Thursday, April 30, 2009


This is a very popular dish in Egypt. It is popular because it is easy to make, and it is also very affordable to buy. There are specail shops you can go to to buy Kushary, or sometimes hand-drawn carts selling Kushary can be found in heavily populated residential areas.

I have only made this once because it is so cheap to buy here, it is worth going down to the local Kushary shop and buying it.

So, here's the recipe:

1 cup brown lentils
1 cup rice
1/8 kg macaroni
2 large onions, chopped
2 tablespoons oil
2 cups tomato sauce (recipe for this below)
garbanzo beans (optional)
Recipe for tomato sauce:
2 cups tomato juice
1-2 onions very finely chopped
5-7 garlic cloves, crushed
1 tsp. vinegar
cooking oil, salt, and pepper

Cook lentils in salted water until tender. Strain. Cook rice in salted water until tender. Strain. Cook macaroni, preferably the small, round variety, strain, rinse, and strain again.

Place these three ingredients in a cooking pot. Fry onion to a rich brown, then remove the onions onto absorbent paper and strain the oil into lentil mixture. Return the pot to the flame and cook for 7-10 minutes, tossing often to prevent sticking.
For tomato sauce:
Saute onions until soft, then add garlic and fry to a pale brown. Add tomato juice and simmer for 15-20 minutes, until sauce is cooked and becomes dark. Add vinegar and seasoning and cook for 2-3 more minutes.

Serve by topping each individual plate with tomato sauce and friend onions and then sprinkle a few cooked garbanzo beans on top if desired .

Wednesday, April 29, 2009

I Live in Rehab ;o)

For those of you who know me, you know that I don't now, ever did, nor will I ever drink alcohol or take drugs. So, why do I live in Rehab? Well, I live in a small suburb of Cairo, and the actual name of it is El Rehab. We have lived in several apartments here in Cairo, and I do have to say, that this one is probably my favorite, for several reasons. When you move to Egypt, it is really easy to find a furnished apartment. All of our apartments before this one have been furnished. When our two oldest kids went back to the States, we decided to downsize because we were not even using even half of the apartment we were living in. Also, the rent was getting high. In Egypt, if you are renting an apartment, the rent usually goes up 10% a year. This makes it hard to stay in one apt. for very long at a time. We had not even thought of moving to this new area, but Tim saw an add for it in one of the local papers. We decided to check it out and it was perfect. It was about half the size of the one we were living in, but it still had three bedrooms, which we were having a hard time finding. The area is very different from living directly in Cairo because it is kept much cleaner, it is quieter, and there is a lot of greenery and flowers. One reason it is quieter is because in Cairo, the bottom floors of most buildings are businesses. Here in El Rehab that is not permitted. So, you have the living areas, and the market areas are separate.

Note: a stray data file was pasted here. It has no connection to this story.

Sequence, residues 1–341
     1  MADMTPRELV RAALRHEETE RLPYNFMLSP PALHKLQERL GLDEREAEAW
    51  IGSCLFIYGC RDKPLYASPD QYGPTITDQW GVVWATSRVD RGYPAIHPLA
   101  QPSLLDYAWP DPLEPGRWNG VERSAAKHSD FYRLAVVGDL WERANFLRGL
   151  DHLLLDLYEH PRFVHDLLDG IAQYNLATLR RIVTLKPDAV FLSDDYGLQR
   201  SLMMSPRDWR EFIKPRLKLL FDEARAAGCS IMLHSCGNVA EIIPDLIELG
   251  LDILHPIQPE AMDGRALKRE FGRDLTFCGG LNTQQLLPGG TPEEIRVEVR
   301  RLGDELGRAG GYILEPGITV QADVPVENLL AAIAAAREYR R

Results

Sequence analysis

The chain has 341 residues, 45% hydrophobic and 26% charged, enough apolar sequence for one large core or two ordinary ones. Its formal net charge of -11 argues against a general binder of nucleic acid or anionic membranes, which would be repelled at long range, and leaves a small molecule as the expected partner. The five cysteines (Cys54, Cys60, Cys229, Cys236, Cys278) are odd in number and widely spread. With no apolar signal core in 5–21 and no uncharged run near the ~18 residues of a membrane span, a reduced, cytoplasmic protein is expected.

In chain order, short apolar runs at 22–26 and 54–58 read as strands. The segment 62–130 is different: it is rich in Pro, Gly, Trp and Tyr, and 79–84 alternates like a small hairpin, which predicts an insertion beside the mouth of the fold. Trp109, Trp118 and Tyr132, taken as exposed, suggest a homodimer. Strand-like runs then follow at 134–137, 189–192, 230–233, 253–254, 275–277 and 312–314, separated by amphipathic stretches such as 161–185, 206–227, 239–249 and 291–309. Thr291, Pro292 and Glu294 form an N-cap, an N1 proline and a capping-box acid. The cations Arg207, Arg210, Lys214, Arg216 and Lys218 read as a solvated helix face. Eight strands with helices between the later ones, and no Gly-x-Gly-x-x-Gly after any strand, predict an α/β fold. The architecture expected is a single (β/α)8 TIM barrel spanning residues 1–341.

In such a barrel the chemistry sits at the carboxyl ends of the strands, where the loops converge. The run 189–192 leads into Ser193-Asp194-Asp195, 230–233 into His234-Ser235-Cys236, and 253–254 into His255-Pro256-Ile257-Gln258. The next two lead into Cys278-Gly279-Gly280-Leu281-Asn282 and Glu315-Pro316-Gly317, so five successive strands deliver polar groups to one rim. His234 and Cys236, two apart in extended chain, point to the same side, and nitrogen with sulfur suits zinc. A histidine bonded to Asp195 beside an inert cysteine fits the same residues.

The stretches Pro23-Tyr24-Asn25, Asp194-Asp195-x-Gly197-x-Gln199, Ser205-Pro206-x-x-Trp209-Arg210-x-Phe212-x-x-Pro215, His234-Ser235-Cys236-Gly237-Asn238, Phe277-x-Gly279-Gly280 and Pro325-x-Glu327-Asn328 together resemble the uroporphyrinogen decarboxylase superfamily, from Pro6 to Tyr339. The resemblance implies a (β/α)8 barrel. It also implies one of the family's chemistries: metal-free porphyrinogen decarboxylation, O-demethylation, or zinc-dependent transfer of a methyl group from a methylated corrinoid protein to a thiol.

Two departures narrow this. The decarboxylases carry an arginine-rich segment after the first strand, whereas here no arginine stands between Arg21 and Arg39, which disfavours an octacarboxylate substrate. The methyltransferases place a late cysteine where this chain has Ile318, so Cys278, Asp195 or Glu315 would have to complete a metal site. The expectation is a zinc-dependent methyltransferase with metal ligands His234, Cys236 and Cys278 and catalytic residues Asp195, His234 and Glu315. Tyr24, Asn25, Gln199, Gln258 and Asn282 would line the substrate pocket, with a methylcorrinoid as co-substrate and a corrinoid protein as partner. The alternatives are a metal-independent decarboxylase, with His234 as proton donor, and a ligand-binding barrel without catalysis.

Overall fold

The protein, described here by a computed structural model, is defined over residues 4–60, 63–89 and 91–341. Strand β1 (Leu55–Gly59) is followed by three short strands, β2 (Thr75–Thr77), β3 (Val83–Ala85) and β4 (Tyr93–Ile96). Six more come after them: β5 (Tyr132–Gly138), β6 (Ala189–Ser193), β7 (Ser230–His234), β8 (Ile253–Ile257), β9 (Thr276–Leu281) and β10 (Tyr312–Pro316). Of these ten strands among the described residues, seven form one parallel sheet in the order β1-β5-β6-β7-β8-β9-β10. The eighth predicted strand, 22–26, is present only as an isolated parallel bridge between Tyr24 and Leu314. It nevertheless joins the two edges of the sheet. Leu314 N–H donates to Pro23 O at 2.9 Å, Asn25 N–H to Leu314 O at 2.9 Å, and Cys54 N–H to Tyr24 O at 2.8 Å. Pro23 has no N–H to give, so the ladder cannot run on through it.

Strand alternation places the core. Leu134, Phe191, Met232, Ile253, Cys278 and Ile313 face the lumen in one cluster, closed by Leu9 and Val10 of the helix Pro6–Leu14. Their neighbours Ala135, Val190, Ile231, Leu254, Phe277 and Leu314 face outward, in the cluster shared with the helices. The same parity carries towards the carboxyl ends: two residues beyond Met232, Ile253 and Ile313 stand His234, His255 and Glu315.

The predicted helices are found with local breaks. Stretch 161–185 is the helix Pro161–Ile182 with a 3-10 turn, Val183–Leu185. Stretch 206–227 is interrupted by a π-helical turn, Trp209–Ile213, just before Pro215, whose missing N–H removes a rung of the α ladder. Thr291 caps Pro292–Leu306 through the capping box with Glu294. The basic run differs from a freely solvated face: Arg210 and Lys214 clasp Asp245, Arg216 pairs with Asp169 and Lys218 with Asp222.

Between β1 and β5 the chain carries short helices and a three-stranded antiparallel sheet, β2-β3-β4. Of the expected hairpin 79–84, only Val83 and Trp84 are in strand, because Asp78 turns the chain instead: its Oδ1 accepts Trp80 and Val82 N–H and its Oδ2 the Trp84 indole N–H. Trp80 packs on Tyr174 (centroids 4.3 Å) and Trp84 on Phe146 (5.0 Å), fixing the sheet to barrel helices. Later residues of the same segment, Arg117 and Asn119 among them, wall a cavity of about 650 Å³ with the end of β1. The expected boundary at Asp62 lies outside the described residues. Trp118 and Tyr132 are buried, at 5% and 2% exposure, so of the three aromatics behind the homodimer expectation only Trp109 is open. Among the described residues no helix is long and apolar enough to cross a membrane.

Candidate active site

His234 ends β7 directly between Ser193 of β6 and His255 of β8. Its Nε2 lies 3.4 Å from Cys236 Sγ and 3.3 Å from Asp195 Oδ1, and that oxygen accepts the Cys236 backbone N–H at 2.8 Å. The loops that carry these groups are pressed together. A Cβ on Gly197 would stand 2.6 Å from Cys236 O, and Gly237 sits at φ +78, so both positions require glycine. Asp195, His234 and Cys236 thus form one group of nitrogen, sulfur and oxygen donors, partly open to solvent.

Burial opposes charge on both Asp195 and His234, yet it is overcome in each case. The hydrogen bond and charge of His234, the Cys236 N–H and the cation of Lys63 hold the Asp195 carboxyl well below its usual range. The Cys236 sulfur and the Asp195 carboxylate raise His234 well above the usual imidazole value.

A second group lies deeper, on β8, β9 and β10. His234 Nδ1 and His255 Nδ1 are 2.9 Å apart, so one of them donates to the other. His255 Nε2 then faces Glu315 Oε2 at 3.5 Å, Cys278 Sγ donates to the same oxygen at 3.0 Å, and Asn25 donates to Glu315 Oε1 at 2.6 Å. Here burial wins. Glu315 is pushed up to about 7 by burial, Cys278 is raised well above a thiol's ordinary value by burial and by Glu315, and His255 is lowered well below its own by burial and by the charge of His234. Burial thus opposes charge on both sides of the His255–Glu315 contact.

Another reason I really love this apartment is because it was unfurnished and we got to buy our own furnishings, putting our own little touches in it. This was a lot of fun, but a little stressful at the same time. We live on the 5th floor, so you can imagine trying to bring up all of the heavy items. Fortunately, the places we bought from always delivered their items so we did not have to do too much of the heavy lifting. One of the reasons it was stressful was because we could not afford to buy everything at once, so there were certain things we had to do without for a while. But, we are all settled in now and feel really at home in our newly furnished apt.
Above is a picture of the view from our apartment and just a little of the new furniture we purchased. We also have an area we furnished with Bedouin type furniture that I will share about in a future post.

Tuesday, April 28, 2009

Egypt: The Mother of the World

Egypt is a fascinating place to live. There is so much history here that one could literally spend

months here and never run out of historic sites to see.

Egyptians take pride in their rich heritage and in their descent from what is considered the first great civilization. They often refer to Egypt as "Um Idonea", or in English, "The Mother of the World". Of course one of the first things people think of when they think of Egypt are the pyramids. I consider myself very blessed to have seen the pyramids several times, but no matter how many times I see them, I am always very intrigued. It is kind of funny to think about telling my kids we were going to take someone who was visiting to see the pyramids and remembering their response. "Not again"! I don't really think they will appreciate the experience until many years in the future, but then again, growing up in Egypt, the Pyramids were just a normal part of life here, not just something they read about and only dreamed about seeing.

Egypt is Africa's second most populous country after Nigeria, and it has the highest population in the Arab world. About 95 percent of Egyptians live along the Nile—on less than 5 percent of Egypt's territory. The Nile Valley is one of the world's most densely populated areas, containing an average of 1,540 persons per square kilometer (3,820 per square mile). Most Egyptians are Muslim Arabs, but there is a sizeable Coptic Christian population of seven million. The total population is a little over 74,000,000.